African-American's Y chromosome sparks shift in evolutionary timetable

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posted on Mar, 8 2013 @ 02:59 AM
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University of Arizona
A photomicrograph shows an X chromosome at left, alongside a shrunken Y chromosome. The Y chromosome is passed down exclusively from father to son and can serve as an indicator of male-line human diversity.

By Alan Boyle, Science Editor, NBC News






Scientists say an African-American male's odd genetic signature suggests that the human Y chromosome's lineage goes back further in time than they thought — perhaps due to interbreeding with other populations such as Neanderthals. "This really upsets a lot of ideas, but at the same time, it's understandable if we accept that human populations were structured in the past so that there were little pockets of diversity," said Michael Hammer, an evolutionary biologist at the University of Arizona who is one of the authors of a study published in the American Journal of Human Genetics. The study focuses on the analysis of a DNA sample that was obtained from an African-American living in South Carolina and submitted to the Genographic Project, a National Geographic effort aimed at mapping human origins and migration. The funny thing about this sample is that it didn't match up with any of the previously known genetic signatures for the Y chromosome, which is passed down from father to son. "Nobody expected to find anything like this," Hammer said in a news release.

A team led by Fernando Mendez, a researcher in Hammer's lab, analyzed more than 240,000 DNA base pairs on the African-American's Y chromosome. A comparison of the differences between the mystery genetic signature and previously known signatures led the team to conclude that the most recent common ancestor for the entire group lived about 338,000 years ago.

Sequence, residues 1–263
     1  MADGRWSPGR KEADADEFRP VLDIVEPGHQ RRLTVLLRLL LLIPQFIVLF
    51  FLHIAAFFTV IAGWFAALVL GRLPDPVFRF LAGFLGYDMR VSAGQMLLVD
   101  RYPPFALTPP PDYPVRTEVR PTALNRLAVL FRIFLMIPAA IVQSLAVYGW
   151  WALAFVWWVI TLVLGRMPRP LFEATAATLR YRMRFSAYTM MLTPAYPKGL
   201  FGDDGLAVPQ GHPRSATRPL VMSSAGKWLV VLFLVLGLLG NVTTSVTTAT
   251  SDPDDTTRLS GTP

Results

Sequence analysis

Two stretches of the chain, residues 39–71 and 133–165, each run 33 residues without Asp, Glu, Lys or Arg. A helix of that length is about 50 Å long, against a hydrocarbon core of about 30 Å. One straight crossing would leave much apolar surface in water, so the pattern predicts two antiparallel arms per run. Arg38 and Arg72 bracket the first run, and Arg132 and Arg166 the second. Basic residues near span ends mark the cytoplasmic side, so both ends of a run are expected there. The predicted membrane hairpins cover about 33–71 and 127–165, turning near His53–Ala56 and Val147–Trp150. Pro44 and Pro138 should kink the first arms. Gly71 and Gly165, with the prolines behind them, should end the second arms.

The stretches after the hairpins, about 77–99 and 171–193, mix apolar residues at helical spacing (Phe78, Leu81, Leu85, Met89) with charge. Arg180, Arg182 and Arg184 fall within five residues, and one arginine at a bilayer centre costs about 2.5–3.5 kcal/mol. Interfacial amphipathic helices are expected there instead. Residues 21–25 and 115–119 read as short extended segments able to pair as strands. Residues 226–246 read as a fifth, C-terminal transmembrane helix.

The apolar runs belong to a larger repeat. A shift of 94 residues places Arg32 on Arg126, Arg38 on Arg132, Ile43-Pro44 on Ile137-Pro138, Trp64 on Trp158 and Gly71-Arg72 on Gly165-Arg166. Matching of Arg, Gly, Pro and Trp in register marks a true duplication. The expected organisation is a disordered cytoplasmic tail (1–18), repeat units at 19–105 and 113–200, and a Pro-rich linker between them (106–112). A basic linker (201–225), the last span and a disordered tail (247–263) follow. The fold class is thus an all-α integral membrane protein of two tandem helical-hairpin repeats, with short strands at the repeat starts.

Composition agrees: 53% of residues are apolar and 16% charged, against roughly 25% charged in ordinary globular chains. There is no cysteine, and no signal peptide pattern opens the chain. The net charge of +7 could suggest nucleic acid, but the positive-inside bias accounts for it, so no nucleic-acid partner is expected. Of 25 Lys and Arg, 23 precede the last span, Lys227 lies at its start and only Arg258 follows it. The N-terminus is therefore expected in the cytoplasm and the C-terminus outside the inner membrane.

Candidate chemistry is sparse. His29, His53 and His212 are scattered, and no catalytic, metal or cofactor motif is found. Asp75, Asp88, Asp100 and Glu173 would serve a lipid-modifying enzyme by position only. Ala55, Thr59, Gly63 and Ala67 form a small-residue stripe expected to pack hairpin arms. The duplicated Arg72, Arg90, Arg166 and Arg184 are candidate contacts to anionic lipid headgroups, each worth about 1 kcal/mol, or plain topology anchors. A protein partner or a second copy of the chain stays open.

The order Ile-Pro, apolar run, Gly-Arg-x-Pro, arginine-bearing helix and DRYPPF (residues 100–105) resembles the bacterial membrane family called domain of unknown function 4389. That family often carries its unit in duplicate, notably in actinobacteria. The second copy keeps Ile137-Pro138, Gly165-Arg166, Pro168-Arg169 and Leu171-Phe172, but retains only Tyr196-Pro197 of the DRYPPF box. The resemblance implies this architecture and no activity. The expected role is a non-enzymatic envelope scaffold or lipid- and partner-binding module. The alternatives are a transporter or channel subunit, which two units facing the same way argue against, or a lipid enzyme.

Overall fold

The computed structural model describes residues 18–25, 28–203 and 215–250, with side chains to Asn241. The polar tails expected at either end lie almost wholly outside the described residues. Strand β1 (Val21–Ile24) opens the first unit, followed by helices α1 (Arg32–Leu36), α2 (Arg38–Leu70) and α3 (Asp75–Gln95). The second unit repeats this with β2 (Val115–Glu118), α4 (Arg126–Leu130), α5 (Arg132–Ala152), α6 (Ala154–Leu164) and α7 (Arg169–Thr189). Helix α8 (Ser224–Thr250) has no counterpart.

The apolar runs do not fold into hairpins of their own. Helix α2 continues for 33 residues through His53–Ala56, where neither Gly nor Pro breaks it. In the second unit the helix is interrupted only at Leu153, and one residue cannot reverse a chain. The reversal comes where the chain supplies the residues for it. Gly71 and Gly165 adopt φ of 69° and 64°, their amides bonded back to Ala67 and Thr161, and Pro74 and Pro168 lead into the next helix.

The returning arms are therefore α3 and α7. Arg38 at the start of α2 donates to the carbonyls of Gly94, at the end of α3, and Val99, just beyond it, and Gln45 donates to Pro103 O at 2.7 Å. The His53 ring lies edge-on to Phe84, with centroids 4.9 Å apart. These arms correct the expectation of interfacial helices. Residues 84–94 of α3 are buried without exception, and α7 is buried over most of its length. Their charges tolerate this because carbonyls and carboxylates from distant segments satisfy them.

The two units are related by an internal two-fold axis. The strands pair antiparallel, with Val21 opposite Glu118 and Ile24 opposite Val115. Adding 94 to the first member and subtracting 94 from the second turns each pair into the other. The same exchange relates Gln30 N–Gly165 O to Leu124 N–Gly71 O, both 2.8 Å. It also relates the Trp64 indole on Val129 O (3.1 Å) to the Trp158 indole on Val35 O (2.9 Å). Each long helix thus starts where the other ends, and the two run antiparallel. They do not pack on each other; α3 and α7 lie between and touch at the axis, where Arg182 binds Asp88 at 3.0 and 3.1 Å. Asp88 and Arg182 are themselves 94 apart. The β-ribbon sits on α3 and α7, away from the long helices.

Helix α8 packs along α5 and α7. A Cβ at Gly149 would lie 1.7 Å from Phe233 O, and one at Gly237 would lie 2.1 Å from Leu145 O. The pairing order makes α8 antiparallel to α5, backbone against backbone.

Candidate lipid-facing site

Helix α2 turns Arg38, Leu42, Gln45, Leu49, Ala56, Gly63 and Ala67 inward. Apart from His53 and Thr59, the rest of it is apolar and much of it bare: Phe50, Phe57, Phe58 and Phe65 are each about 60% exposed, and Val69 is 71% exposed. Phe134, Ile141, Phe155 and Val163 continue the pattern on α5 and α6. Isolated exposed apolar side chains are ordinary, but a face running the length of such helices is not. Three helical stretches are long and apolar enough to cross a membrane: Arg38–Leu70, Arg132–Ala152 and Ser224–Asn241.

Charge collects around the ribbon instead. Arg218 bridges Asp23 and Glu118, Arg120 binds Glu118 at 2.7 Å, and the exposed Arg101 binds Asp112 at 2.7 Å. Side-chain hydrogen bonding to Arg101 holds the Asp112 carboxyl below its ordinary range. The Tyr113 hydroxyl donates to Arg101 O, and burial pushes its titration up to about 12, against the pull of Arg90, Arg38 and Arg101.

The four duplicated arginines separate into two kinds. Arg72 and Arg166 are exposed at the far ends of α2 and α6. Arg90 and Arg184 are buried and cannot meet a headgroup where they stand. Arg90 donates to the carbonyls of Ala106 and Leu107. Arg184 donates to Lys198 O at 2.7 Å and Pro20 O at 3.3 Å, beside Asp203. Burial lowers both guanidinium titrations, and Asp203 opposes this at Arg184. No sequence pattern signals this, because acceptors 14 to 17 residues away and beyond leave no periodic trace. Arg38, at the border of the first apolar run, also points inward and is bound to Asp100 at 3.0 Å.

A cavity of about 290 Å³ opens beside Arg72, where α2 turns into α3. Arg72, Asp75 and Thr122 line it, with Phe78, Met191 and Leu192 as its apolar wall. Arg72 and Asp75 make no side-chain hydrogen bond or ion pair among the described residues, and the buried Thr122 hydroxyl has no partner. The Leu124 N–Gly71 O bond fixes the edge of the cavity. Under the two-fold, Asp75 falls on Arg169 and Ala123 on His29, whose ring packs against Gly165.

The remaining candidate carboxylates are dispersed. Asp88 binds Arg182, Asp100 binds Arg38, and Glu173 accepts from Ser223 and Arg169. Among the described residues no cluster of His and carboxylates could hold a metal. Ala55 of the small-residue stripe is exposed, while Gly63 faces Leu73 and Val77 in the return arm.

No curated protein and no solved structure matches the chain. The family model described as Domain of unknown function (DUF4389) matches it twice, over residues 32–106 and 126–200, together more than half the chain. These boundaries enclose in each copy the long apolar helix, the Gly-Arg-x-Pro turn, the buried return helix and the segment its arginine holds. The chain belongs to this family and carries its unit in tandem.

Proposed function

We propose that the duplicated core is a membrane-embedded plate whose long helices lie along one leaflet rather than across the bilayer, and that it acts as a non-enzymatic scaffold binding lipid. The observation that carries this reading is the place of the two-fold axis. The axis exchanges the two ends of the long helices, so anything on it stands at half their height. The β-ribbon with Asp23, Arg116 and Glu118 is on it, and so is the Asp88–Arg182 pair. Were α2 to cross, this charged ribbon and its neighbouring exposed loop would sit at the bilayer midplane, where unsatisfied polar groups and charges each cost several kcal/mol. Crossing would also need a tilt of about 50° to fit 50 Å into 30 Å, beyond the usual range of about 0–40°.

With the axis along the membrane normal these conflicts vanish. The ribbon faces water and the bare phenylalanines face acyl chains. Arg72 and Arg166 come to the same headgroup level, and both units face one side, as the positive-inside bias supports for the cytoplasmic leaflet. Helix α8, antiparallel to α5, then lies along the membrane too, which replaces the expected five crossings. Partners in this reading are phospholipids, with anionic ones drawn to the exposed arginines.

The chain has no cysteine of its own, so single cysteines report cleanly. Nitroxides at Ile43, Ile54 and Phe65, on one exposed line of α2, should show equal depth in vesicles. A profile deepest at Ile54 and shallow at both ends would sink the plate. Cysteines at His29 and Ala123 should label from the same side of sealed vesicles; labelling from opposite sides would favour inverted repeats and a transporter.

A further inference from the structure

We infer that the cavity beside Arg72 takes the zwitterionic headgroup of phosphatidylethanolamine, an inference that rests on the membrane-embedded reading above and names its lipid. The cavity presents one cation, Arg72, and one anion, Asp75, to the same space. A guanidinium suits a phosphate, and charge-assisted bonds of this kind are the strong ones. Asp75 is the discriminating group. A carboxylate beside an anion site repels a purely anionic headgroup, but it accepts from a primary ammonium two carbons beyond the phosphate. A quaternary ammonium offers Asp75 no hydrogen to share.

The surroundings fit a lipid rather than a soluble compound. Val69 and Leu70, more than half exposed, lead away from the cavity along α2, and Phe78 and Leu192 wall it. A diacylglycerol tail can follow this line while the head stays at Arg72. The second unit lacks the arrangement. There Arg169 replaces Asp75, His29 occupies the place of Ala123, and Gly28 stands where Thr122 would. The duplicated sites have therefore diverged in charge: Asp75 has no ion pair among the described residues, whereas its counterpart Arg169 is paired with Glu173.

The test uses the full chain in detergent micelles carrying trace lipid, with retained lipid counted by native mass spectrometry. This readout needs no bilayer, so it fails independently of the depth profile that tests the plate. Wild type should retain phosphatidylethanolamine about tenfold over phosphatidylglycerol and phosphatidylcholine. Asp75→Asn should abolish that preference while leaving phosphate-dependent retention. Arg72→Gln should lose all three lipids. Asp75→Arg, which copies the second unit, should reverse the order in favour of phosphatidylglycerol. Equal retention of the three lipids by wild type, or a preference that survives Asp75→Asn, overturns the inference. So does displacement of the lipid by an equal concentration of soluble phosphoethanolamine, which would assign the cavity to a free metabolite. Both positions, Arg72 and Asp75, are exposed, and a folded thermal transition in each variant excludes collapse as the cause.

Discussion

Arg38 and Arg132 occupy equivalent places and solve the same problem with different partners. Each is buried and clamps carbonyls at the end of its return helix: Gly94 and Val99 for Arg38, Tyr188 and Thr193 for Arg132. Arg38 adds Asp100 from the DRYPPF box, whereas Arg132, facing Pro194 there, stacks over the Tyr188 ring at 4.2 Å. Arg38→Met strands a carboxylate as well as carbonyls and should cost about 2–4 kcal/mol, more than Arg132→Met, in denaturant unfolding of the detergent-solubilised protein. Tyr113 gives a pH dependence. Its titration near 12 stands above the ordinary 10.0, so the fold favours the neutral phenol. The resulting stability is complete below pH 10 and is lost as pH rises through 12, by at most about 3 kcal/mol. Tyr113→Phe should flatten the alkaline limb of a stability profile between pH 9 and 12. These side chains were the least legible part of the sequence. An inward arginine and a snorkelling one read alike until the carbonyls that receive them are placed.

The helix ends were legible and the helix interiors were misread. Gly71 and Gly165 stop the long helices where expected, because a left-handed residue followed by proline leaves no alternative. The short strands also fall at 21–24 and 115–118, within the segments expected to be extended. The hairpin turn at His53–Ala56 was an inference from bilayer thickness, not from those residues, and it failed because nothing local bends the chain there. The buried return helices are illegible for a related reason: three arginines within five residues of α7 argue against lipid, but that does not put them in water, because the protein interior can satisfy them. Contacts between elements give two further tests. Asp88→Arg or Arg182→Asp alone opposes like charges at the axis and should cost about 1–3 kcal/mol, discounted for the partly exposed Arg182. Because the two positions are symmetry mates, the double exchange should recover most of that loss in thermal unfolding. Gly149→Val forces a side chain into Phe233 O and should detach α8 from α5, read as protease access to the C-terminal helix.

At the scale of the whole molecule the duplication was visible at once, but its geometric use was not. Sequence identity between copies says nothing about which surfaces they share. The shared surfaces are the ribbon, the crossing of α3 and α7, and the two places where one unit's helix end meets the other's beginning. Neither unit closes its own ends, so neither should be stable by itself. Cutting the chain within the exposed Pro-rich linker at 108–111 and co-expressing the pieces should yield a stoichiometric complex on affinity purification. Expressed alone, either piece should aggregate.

That goes further back than the fossil record goes for anatomically modern humans, Hammer said. "The fossil record speaks to 195,000 years or 200,000 years," he said. It also goes further back than the previous date for the most recent common ancestor based on Y-chromosome analysis, which is in the range of 142,000 years. The researchers followed up on their discovery by searching through a genetic database for African populations, and turned up 11 men from western Cameroon who had virtually the same genetic signature. Hammer said there could be two explanations for the previously unidentified Y-chromosome type: Either the genetic heritage of anatomically correct humans really does go back much further than what's reflected in the fossil record — or other populations, such as Neanderthals or the more recently identified Denisovans, interbred with modern humans. Anthropologists refer to that pattern of divergence followed by renewed interbreeding as introgression. The results are "more consistent with introgression of an odd lineage," Hammer told NBC News. Over the past few years, scientists have been coming around to the view that such interbreeding did take place early in the history of our species.